More About Candle Covers aka Candle Sleeves
Are you searching for new chandelier candle sleeves?
I’m guessing your candle sleeves (aka covers) have become brittle and are breaking. Or, they have turned an uneven and unsightly yellow. Or, they’ve burned around the edges. All of these occurrences are good reason to buy new candle covers. So, how do you figure out what to buy?
Sizing – How to determine the proper size of your candle cover.
You will need to know how long they are – top to bottom. Chandelier manufacturers use many different sizes – there is no standard. Some are easy to cut with scissors or a serrated knife, but others require a ban saw to cut. We are always happy to cut to size.
Next, you will need to measure the diameter. Here are the most common diameters:
European Base - 15/16"
The European Base (for E14 220 sockets) is almost 1″. These are not standard in the USA, but if you have imported a chandelier from Europe and are using bulb adapters, the above cover could be what you need. We do have these available – but not on the web site. Give us a call.
Candelabra Base is 7/8″
The Candelabra Base, above, is most common. These are for the small, E12 sockets, and the covers are 7/8″ diameter.
Medium Base is 1 1/8″
The Medium Base socket cover is 1 1/8″. This size is more commonly used on lamps these days, but prior to the 1950’s, it was quite common to see these on a chandelier.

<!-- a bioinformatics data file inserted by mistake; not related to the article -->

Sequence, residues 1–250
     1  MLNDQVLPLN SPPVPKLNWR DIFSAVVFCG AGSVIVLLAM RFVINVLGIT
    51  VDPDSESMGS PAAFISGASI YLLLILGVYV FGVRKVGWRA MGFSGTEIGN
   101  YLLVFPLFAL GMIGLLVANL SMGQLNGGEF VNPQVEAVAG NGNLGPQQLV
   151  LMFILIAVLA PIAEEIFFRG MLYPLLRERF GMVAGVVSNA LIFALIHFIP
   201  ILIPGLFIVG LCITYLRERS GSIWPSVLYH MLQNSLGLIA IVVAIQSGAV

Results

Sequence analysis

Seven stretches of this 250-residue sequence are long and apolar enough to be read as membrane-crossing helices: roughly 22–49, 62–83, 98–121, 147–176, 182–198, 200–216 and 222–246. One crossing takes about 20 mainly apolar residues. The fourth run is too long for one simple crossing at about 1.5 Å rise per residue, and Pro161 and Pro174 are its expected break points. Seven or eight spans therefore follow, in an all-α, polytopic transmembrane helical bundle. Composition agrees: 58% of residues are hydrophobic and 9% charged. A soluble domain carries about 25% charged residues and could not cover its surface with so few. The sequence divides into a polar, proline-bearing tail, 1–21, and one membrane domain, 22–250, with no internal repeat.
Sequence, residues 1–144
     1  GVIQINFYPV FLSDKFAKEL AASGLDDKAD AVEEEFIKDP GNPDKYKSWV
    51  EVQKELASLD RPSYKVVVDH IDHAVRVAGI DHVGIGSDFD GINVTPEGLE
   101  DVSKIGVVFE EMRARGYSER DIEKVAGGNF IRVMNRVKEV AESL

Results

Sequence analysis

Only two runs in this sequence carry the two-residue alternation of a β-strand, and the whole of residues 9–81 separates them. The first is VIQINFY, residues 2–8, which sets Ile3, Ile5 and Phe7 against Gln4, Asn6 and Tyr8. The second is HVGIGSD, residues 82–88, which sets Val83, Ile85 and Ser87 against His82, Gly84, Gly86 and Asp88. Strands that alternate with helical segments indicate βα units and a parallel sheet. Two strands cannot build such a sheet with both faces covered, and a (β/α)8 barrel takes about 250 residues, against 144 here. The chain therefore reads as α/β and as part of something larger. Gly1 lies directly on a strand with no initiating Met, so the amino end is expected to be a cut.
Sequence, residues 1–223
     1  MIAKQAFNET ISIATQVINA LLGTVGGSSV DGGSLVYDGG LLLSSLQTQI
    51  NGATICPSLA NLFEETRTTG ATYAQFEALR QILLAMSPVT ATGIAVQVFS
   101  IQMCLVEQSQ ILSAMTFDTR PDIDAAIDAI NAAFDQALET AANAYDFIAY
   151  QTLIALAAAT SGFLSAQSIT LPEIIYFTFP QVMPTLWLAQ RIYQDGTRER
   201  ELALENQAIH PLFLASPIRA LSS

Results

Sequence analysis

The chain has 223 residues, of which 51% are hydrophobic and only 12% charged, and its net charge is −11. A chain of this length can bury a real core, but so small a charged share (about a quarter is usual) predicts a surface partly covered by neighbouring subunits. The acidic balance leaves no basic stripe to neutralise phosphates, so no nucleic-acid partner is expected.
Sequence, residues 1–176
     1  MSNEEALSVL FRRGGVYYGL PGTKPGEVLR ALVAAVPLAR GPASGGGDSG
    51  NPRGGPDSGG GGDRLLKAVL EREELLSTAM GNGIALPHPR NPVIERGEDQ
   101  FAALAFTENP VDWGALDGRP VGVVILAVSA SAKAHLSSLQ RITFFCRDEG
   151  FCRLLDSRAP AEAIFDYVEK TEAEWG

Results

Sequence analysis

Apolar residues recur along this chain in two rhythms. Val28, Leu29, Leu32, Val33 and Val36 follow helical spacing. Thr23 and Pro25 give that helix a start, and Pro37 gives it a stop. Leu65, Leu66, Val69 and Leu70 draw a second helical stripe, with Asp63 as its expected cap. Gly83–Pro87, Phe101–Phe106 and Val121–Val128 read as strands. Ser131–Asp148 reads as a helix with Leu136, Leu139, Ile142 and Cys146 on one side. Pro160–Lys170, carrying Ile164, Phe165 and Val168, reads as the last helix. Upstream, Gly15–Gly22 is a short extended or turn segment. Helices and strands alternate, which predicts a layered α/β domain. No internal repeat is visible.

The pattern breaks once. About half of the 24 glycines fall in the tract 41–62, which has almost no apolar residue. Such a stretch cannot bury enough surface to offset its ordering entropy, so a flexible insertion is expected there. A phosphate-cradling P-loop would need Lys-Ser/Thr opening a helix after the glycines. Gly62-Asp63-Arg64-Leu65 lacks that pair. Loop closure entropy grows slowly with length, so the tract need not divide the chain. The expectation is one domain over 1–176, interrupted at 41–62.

For safety sake, don’t put higher than the recommended wattage in any socket, but most especially if you don’t want to ruin your candle sleeve. A high wattage bulb will turn the edges dark or can even create a fire hazard.
Make sure that the cardboard insulator is slightly above the edge of the cover – this protects the cover from the heat of the light bulb.
If the edges of your cover are brown, simply remove your light bulb, slip the covers off and turn them upside down. Slip them right back on the socket so that the burnt edges are on the bottom and hidden.
Candle covers are made of so many materials, but the most common is plastic. Some plastic is heavy walled and opaque. Some is not – so make sure to purchase quality plastic. Polymers are also common and frequently used to create the covers that look like wax drip candles. Cardboard is also available – a bit more like the old styles. And, there are wax covers – which is beautiful, but make sure to follow the recommended wattage maximums so that they don’t melt. Some more modern fixtures have metal covers, but these don’t generally need to be replaced.
This is a matter of preference – there is no advantage in choosing one color over another.
As always, if we have missed any piece of information that you are curious about, send us an email or ask us here!
UPDATE to answer Elizabeth's question in our comment section:
To extend a socket, you will have to change the socket out to a taller one or raise the existing one with a pipe under the socket. Either of these methods will require the wire to be longer to reach the higher contact points. Sometimes there is enough slack in the wire to meet a higher point, but most likely the arms will need to have new wire pulled through.
If you are lucky, your existing socket will be adjustable and set at the lowest point. If so, you can loosen the screw holding the socket at the level it is and then slide it taller. Carefully. Remember, the existing wire may not be long enough.
Always turn your electricity off when working with your chandelier sockets!
- Nancy Daniel